So I turn to the closest book of poetry on the table:  Seamus Heaney, the romantic love of my poetry life. and yet, I'm fickle and know I will return to many of my old loves this first week of the New Year.  Today Heaney, tomorrow Harrison.  Stephen Dunn, Rodney Jones, Stafford and more. Seamus writes of his mother this morning and her daily family tasks.I wonder what his mother remembered about him in their Irish Christmas after-glow.

I will take time to remember the drawings of Ella and the sweet poems of Caitlyn and the salad Susan made from the new book of Jerusalem recipes she and her husband Jim gave us, and the discussions Andre and I had over privilege and giving, and the walk along the edge of the cold lake with Ann taking in the joy of escape from an over-warm, crowded house.  I will place the doll-beauty face of two year old Penelope high on my list, and her full bellied, beautiful, mother and her father talking sauerkraut recipes with his father in the hot, messy kitchen. I will send my thanks to Sara for the imaginative gifts of an LP with familiar faces taped to the front of it and to Scott for our new music system--Coltrane floating up and through the house. I will never miss a riff moving from one room to the next because of Scott's handiwork. And then I will  stop to make a line in my sketchbook with my new ink brush--thick and thin along the narrow page

Here is an old poem I found today on my i-pad that speaks to my musical idol. 


Bloom

Coltrane
plus drum brush
up to the ceilings
all over the place
somber soft
made for love making
in a room
filled with low light
the stirring
of poem
the stroke
of an ink sketch

slowly, slowly
it blooms.

Thursday, October 9, 2014

The Question of Originality

Jane Hirshfield, a poet and a long follower of Buddhism writes in her book "Nine Gates: Entering the Mind of Poetry" that poetic originality appears not only as new content or diction but also in the development of new techniques and forms.  Mozart said in one of his letters: "Solitude, whether endured or embraced, is a necessary gateway to original thought."  Who among us has an original thought some may ask, but it seems obvious that whenever you take in an idea it changes slightly with the process of assimilation.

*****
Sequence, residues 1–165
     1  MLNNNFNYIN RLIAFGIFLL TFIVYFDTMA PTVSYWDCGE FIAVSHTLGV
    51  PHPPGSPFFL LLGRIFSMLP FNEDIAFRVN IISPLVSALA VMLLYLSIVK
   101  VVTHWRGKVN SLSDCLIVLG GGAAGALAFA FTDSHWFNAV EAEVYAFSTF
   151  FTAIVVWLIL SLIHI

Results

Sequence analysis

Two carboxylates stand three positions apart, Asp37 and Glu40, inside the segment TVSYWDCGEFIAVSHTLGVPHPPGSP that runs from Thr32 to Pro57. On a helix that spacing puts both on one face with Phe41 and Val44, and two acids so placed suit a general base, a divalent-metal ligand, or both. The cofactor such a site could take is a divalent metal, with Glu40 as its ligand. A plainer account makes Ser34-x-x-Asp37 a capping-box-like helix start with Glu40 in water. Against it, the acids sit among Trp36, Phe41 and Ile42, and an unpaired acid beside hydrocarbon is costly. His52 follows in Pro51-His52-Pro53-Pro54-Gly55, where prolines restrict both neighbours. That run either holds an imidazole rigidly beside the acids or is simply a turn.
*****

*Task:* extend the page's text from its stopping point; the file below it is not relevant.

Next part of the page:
Moon poems, love poems, nature poems have been written for centuries and yet for a piece of writing to endure it must have a unique spin or the voice of originality. I like to read poems of both original thought and  in original forms. It is not easy for a writer to do this--life is full of easy cliche. 

This time of year is full of changing dramas.  The moon, (Blood Moon of last night),  the changing colors in the autumn landscape--all old themes, but here are several new spins on these topics.

 Sotoba Komachi
  one of the early Japanese woman  poets

The color of the flowers fade
as the long rains fall,
as lost in thought,
I grow older
            (translated by Kenneth Rexroth)

Another Komachi poem:

This abandoned house
shining,
in a mountain village.
How many nights
has the autumn moon spent here?

A poem by Robert Frost

The Leaf-treader

I have been treading on leaves all day until I am autumn-
   tired.
God knows all the color and form of leaves I have trodden
   on and mired.
Perhaps I have put forth too much strength and been too
  fierce from fear.
I have safely trodden underfoot the leaves of another year.

All summer long they were overhead, more lifted up than I.
To come to their final place in earth they had to pass me by.
All summer long I thought I heard them threatening under
   their breath.

And when they came it seemed with a will to carry me with
   them to death.
They spoke to the fugitive in my heart as if it were leaf to
  leaf.
They tapped at my eyelids and touched my lips with an in-
   vitation to grief.
But it was no reason I had to go because they had to go.
Now up, my knee, to keep on top on another year of snow.

Ancient Japanese poet, Fujiwara no Shunzei said " a good poem will  possess a kind of atmosphere that is distinct from its words and their configuration and yet accompanies them.   The atmosphere hovers over a poem...like the cry of the deer heard against the autumn moon."
            (trans. by Robert Bower and Earl Minor)

Japanese poet, Basho wrote many surprising poems about the moon.

whore and monk, we sleep
under one roof together,  
moon in a field of clover 


Last fall while reading a book about Basho and his long journey across a mountain to capture the spirit of the moon in various locations, I looked out the window at the incredible large harvest moon and wrote this poem.  I had been thinking about rules and why they often don't make sense.  Many teachers of poetry tell their students to avoid certain words like moon, heart, love--words fraught with cliche, but often that word is the best word for the poem. This poem was published in quartsiluni.

Oh Basho

Today in the classroom there is
more moon bashing.

Forsake the airy for the real, a smart young teacher says

and the students scratch out all words that end with ache.
Fuck it, one says, I’ll write what I write. Birds clap

at the window — nothing’s more true
than the unforeseen wind.

Tonight in their nests the crows will swoon.






Sunday, August 17, 2014

Sunday on the Lake

Yesterday he had a feast, today the Great Blue Heron has visited again--my five Koi are gone, all the fresh replacement minnows are gone too. One fat one remains. How did he miss it?

Poem below is in honor of this bird's evocative presence:  It is a quick on-the-spot poem:

Heron

Against the darkness he stands
attending the waves, steady
on one leg atop the slatted bench
on the pier, a silhouette of dignity,
all ease and  practicality; he has
just cleaned out the Koi pond
next to the house, I'll restock
with grub fish tomorrow
and the next. Perhaps we'll have
a daily meditation on hunger
and its many compensations.